Egypt, Greece and Rome are well-known for their archaeology. Little do people realise just how much archaeology the city of Melbourne also has. Infact it is a bit of a mystery. Melbourne has a unique archaeology to offer. “Victorians are unaware of the significance, “said Jeremy Smith senior archaeologist at Heritage Victoria the governing body of all heritage in Victoria. Along with fellow archaeologists Jim Wheeler, Andrew Prentice and Bianca Di Fazio he shared his insights into Melbourne archaeology.
Smith said there are 7000 archaeological sites in Victoria . There are 700 shipwrecks along the coast and 800 colonial sites just in the CBD alone. There is still a lot more to be discovered here according to Smith. There is important archaeology here; it’s not all in Greece and Rome. He said it may be a different type of it but it still exists and is important to learn about. It’s the archaeology of the Indigenous people along with that of the colonial settlers. The Victorian Gold Rush archaeology is the best preserved in the world according to Smith. If you go up to Bendigo and Castlemaine you can still see the original miner’s huts and their gold pans said Smith. Whilst in California it has been heavily developed so not much trace of it remains.
Archaeology in Melbourne is booming because of development. Ironically Development drives archaeology according to Bianca Di Fazio from Heritage Insight. She said, “Development is the bread and butter of our business.” It is a great paradox that the developer’s cranes with their destructive powers are helping this industry to thrive. Due to 2007 Victorian legislation bought in developers can’t build on a site without an archaeological assessment said all four experts. “If the Grollos want to put up a building or VicRoads wants to build a road then they need to get an archaeologist,” said Smith. Archaeology is now part of legislation and is also another aspect of planning like environmental issues he said.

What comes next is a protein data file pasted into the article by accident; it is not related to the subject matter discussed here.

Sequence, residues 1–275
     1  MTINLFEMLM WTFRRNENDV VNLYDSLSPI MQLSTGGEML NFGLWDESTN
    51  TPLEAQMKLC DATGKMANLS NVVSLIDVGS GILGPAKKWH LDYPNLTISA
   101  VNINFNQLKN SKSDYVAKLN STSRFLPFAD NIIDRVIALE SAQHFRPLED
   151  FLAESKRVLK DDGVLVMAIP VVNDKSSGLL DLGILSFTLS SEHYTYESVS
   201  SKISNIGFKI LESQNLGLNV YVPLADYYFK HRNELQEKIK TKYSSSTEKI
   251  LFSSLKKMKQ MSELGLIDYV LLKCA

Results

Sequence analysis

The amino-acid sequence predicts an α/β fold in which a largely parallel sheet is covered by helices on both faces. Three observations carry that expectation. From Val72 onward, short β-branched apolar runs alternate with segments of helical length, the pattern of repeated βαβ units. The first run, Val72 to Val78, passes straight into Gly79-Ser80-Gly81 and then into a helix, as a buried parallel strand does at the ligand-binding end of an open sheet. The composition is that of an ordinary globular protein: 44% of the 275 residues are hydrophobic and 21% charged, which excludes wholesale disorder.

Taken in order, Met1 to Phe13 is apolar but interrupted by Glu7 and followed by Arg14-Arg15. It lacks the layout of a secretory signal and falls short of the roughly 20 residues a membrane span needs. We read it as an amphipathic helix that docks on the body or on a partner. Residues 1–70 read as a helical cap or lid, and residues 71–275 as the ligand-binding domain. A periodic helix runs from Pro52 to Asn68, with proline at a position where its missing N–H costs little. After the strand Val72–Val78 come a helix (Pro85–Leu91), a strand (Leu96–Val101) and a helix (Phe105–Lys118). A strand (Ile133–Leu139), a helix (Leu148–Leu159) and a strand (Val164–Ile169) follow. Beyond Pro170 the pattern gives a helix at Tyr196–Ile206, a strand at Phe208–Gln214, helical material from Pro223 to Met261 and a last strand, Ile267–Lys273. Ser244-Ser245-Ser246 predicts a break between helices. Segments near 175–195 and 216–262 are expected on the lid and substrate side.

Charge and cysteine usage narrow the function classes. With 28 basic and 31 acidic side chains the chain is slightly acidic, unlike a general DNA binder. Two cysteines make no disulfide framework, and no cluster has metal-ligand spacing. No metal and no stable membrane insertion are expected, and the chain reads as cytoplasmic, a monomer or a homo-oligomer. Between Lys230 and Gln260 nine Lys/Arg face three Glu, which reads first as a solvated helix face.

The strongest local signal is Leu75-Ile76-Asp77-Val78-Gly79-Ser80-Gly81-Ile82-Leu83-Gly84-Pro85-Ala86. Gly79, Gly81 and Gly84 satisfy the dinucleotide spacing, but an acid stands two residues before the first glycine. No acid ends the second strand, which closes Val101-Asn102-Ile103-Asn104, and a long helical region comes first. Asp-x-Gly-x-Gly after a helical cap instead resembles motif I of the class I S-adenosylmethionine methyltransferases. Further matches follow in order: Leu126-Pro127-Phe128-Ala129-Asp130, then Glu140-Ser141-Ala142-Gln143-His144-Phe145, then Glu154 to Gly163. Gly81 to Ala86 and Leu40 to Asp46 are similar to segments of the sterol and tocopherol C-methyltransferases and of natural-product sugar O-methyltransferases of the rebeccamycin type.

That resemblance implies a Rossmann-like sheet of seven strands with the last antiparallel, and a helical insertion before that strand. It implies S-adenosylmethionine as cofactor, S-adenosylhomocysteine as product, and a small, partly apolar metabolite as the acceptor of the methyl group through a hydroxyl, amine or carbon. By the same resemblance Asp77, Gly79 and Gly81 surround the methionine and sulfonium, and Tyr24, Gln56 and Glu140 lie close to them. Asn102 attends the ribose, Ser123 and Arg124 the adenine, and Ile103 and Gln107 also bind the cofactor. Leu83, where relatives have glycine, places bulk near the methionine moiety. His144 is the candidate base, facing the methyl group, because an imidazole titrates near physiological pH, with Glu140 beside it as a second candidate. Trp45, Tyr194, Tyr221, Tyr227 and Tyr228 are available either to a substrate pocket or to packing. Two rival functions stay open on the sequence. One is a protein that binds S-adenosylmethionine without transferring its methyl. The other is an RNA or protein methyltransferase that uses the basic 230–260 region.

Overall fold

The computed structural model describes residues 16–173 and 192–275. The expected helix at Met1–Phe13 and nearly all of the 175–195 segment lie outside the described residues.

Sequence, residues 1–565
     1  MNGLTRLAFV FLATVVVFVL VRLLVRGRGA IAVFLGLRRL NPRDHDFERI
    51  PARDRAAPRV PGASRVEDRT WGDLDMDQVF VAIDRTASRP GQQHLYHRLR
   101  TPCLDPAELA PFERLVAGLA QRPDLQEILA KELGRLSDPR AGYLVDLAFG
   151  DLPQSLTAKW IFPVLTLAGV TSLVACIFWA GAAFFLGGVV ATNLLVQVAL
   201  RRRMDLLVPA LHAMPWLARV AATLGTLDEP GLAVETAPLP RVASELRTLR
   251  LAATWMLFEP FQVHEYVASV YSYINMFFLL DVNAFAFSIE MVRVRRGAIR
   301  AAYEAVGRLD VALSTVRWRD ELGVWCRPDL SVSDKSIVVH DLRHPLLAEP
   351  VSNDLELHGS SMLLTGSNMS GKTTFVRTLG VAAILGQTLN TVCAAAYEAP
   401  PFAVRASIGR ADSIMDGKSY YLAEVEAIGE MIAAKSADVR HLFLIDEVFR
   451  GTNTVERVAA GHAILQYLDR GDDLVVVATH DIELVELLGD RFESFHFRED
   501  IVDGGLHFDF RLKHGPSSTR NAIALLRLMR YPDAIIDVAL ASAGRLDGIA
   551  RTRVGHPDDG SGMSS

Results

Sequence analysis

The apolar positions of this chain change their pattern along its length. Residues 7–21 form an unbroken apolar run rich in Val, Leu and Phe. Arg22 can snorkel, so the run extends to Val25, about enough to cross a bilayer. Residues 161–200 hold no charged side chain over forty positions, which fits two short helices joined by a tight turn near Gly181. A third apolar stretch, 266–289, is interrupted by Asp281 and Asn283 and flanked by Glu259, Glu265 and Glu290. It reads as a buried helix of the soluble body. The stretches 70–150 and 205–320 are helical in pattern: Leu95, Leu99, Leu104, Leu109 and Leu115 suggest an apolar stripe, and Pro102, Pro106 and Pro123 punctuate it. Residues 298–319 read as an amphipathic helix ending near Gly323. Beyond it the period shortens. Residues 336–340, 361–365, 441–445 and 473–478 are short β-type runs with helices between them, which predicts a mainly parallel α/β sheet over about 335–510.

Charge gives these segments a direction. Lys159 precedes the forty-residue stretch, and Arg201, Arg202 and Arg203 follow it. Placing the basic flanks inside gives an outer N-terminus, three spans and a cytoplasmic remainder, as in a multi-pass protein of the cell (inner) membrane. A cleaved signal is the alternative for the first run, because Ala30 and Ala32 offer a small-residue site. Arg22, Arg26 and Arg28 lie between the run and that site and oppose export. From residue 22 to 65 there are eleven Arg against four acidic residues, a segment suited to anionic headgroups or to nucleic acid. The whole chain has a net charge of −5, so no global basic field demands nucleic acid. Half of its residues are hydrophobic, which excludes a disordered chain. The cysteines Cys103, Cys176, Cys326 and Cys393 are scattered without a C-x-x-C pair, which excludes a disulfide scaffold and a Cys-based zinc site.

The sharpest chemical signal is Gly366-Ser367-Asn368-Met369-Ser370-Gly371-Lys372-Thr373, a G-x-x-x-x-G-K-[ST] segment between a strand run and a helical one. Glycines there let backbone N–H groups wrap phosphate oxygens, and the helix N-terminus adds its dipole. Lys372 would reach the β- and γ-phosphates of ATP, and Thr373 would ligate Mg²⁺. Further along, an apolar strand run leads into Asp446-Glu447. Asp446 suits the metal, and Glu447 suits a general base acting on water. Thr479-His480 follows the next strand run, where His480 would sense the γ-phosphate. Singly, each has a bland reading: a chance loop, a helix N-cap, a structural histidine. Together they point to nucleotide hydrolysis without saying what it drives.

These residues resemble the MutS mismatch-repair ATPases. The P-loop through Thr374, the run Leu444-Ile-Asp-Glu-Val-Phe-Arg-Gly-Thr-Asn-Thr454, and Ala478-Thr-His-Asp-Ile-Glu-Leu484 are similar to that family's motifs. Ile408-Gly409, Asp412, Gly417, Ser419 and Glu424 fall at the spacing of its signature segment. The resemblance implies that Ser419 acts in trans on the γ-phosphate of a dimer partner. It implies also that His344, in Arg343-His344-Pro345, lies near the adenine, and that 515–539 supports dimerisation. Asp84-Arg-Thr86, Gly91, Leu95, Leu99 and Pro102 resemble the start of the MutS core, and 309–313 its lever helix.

Every Melbourne suburb has archaeology according to the experts. Growth areas like Wyndham and Frankston contain mostly indigenous remains said Andrew Prentice from Heritage Management advisors. Prentice has done much work in Frankston and has uncovered many shell middens. Shell middens are the leftover discarded shells of the Indigenous meals and are always found close to creeks, marshes, swamps and elevated areas near the ocean. They provide details on diet. Indigenous finds are mostly of an organic nature since their culture was one based on nature said Prentice.
Most indigenous remains in Melbourne are stone tools, scar trees and shell middens. They date from 2000 to 5000 years ago. Stone tools are implements made of stone. They had a variety of uses from cutting meats and vegetables to carving and grinding said Prentice. “Some people wouldn’t know a stone tool if it hit them in the face.” To the untrained eye it looks like a piece of plain stone. Scar trees are trees that had a large part of their bark removed to be used for making canoes and other items said Prentice. When the bark was stripped it left a permanent scar on the tree. Many are found along the Merri Creek, Maribyrnong River and Yarra River.
Earlier this year Prentice worked on a dig in Coburg North. He found many stone tools. It was an area of multiple dwellings and was within 200 metres of a creek. A representative of the Wurundjeri association watched over the dig said Prentice. “You can’t put a spade in the ground without their presence.” It’s the law. The Wurundjeri are the traditional owners of much of Melbourne except the coast.
Prentice said Colonial Melbourne was built over indigenous Melbourne. Jim Wheeler from AHMS (Archaeology Heritage Management Services) said, ‘’probably if you dig under your house or mine you will found a stone artefact.” Just last year Di Fazio and her team found 6000 stone tools lying in a Werribee paddock. They date between 2000 and 5000 years. This puts them in the age of many of the Egyptian pyramids.
The colonial remains consist of items like ceramics, bottles, and glass. They also include old buildings like churches and walls. Di Fazio said if you dig in the terrace houses of Collingwood and Fitzroy you will find colonial remains. There are digs started this year in the backyards of some houses of Kew and Hawthorn said Smith. It is hoped that they will reveal colonial life in this end of town.